Teaching Comparative Government and Politics

Monday, September 24, 2018

Political meaning of an earthquake

Could earthquakes affect Nigerian politics?

Letter from Africa: The link between earth tremors, God and Nigeria's elections
In our series of letters from Africa, Nigerian writer and novelist Adaobi Tricia Nwaubani considers why some earth tremors in Nigeria's capital caused such a stir.

Sometime in the early hours of 6 September, I was tucked in bed at home in Abuja when, suddenly, a slight trembling seemed to sway the building from side to side…

Later that day, frantic phone calls from friends checking to make sure that I was fine made me realise that what had simply been a mild trembling in my area was more tremulous in certain parts of the city…

A few days after the earth tremors, which were felt in different parts of Abuja between 5 September and 8 September, the government released a statement to reassure residents that there was nothing to worry about…

The National Space and Research Development Agency (NASRDA) assured Abuja residents that there was no cause for alarm, although confirming that an earthquake had indeed occurred.

Agency head Seidu Mohammed said the magnitude was low and not worrying enough to warrant residents of the affected areas panicking and relocating elsewhere…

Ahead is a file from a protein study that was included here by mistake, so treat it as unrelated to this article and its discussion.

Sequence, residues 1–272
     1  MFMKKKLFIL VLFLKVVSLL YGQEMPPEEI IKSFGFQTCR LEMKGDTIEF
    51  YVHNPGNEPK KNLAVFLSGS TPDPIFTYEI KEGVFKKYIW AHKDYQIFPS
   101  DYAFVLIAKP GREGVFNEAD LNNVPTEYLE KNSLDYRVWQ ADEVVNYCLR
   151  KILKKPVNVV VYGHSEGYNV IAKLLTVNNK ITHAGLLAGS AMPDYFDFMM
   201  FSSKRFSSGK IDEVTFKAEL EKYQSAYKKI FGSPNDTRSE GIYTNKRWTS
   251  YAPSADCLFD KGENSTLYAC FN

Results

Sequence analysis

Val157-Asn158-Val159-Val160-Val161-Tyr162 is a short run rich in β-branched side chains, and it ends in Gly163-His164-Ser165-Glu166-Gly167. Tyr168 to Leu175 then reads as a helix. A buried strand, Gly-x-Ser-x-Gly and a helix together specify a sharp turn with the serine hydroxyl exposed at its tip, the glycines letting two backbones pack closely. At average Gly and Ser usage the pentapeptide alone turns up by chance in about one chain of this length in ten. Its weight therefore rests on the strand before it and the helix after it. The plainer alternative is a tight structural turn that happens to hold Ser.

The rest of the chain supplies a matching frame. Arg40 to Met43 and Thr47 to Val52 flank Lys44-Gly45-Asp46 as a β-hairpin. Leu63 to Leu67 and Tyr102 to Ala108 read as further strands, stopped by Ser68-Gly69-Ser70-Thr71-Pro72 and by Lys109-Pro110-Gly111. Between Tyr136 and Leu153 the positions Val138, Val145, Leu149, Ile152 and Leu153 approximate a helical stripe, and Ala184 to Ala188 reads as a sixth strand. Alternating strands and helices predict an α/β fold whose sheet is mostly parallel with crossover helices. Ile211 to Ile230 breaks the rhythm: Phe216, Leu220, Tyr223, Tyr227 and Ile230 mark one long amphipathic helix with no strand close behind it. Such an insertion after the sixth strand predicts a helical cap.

While government agencies have aired conflicting conjectures, many Nigerians, who tend to be deeply religious, have drawn their own conclusions.

Some believe it is a sign that God is angry with our country about something.

Some believe that it is a warning to President Muhammadu Buhari; perhaps against his style of leadership or his intention to run for re-election in 2019 despite his lacklustre performance over the past three-and-a-half years.

Yet others believe that the earth tremors are simply a call to more fervent prayer for our nation, lest earthquakes soon join an already long list of headline-stealing tribulations that includes: Farmer-herdsmen clashes, the Boko Haram insurgency, ethnic agitations and the battered economy.

One can hardly imagine how Nigeria might handle earthquakes when the government is still battling to cope with these other disasters that have left millions displaced and in dire need.

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